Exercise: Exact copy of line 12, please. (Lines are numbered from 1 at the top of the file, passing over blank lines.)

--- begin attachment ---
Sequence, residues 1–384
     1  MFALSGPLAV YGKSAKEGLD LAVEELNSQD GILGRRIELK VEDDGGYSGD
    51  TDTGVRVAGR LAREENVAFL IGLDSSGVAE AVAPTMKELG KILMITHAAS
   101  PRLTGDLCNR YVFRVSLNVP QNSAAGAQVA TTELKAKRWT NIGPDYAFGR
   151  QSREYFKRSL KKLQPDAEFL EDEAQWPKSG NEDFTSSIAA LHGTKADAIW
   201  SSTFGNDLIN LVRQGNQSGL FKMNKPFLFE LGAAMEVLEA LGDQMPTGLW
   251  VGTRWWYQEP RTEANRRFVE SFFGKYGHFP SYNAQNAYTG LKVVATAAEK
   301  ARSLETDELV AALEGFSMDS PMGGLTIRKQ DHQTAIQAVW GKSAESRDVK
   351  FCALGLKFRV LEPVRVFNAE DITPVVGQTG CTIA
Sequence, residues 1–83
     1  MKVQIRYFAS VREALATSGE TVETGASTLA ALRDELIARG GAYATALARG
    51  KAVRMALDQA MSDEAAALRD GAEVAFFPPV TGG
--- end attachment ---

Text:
    51  KAVRMALDQA MSDEAAALRD GAEVAFFPPV TGG